Like other businesses, the attorney was targeted via e-mail. He opened a fairly innocuous attachment, and that's when the Crypto Locker virus took over. The article reports that "Thousands of documents stored on his computer were made inaccessible," the attorney reports, "it was actually an email that looked like it was coming from our phone system because our system sends voice mail messages as an attachment.”
The makers of the virus essentially held his computer hostage, and offered him access to his computer if he paid a ransom.
My recommendation for lawyers: regularly back up your electronic files with external hard drives, and keep them in a secure, fireproof place--and consider having a backup copy located outside of your office in a secure and fireproof place. Also consider secure cloud services.
My recommendation for everyone: be careful what you download--schemes like this Crypto Locker extortion ring are pretty sophisticated.
The ABA Journal story is here.
My friend Mark Bentley, who works as a lawyer for the UT System in Austin, commented that their office is not immune from cyberattacks like this one. He adds that these malware can be masked and look like trusted websites and known e-mail senders.
The Texas Standard Possession Order in the Family Code specifies how Spring Break works. In general, one parent gets spring break in one year, and the other parents gets the next year.
But the devil is in the details. Sometimes there are different holidays for different kids as they are in different schools. Some times there is a school or other trip that doesn't fit the mold suggested by the legislature.
Clear, direct communication between the parents is usually the best way to work out these issues. But sometimes a parent needs assistance in making sure everything goes as expected with no hiccups, or emergency retraining orders being filed that blows up a long planned event or trip.
Many times a consultation with an experienced lawyer WELL IN ADVANCE of Spring Break can prevent a cluster right at Spring Break. (That's why this is published in January, not March...)
Call us if we can help.
At the national annual meeting of the American Academy of Matrimonial Lawyers held in Chicago this week, Ken Raggio co produced and moderated the Second Annual Technology Symposium, presented to several hundred other Fellows of the Academy. Academy membership is by invitation only, and is regarded nationally as the most prestigious family law organization.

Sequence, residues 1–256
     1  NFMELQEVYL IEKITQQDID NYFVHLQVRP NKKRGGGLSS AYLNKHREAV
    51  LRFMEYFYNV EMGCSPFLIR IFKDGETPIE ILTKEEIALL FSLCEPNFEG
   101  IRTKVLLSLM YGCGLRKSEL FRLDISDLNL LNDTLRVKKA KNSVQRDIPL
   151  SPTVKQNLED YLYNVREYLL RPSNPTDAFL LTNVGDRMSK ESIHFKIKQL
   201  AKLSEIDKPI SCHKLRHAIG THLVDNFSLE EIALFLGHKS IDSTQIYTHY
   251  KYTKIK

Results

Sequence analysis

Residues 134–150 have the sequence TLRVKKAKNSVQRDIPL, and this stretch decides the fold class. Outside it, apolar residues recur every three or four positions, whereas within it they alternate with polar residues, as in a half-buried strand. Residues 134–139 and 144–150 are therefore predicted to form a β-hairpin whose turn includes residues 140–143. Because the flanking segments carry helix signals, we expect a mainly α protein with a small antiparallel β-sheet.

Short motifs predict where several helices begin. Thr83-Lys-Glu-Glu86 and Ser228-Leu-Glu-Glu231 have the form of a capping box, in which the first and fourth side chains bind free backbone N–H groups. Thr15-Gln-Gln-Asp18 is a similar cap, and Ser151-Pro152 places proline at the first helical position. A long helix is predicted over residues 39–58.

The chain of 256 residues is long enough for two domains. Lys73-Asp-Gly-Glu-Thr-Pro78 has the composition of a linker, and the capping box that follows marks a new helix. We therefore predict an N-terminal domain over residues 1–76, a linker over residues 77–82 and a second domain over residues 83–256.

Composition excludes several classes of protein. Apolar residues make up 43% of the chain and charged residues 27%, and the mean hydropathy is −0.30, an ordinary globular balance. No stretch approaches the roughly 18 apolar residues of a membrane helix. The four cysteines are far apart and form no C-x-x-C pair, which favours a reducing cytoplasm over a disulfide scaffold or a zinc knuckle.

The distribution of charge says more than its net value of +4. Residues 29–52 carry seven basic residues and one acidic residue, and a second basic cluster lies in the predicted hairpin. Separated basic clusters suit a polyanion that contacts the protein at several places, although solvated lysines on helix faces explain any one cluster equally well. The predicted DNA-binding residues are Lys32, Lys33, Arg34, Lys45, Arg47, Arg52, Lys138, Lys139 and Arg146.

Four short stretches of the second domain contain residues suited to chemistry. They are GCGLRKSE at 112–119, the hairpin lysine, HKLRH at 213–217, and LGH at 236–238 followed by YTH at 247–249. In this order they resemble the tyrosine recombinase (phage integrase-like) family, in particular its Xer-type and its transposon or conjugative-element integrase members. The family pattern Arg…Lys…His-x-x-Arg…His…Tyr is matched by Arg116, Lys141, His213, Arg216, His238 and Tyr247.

As part of the program, Ken demonstrated the use of TranscriptPad, a high end iPad app that helps organize depositions and other transcripts in a family law case. The demo was very similar to the use of the tool in either Court or other proceeding: by having the iPad display on a big screen TV.
Ken Raggio spoke and presented TemporaryOrders -The First and Lasting (Perhaps Last) Impression? to the 1850+ registrants at the Texas Bar's 39th Advanced Family Law Course held this year in San Antonio. The paper is here.
Raggio also was a teacher in the Ipad workshops held throughout the day on August 6th. Ken served as faculty with other certifed family law specialist attorneys from around the state who are also renown techies.
Deion Sanders won custody of his kids in a jury trial this week; actually the sole right to determine where his three children live. He willl make all educational, health and extracurricular decisions for his two sons, ages 11 and 13, and share that responsibility for his 9-year-old daughter with his estranged wife, Pilar Sanders. He was obviously elated. His Wife commented: “If that’s not one-sided, you have to be blind, dumb, crazy and stupid.” I wonder whether she was describing her husband, the lawyers, the jurors, the judge, the legal system, or all the above but expressly excusing herself.
The contentious divorce slogs on. Pilar tried to contest a premarital agreement she signed after not only having an experienced family law attorney advise her about the agreement, but after she executed she went to Court and told a Judge she knew what she was doing and understood it. But the enforceability of the agreement has been upheld.
But the end is coming. Oh, yea, until the appeal...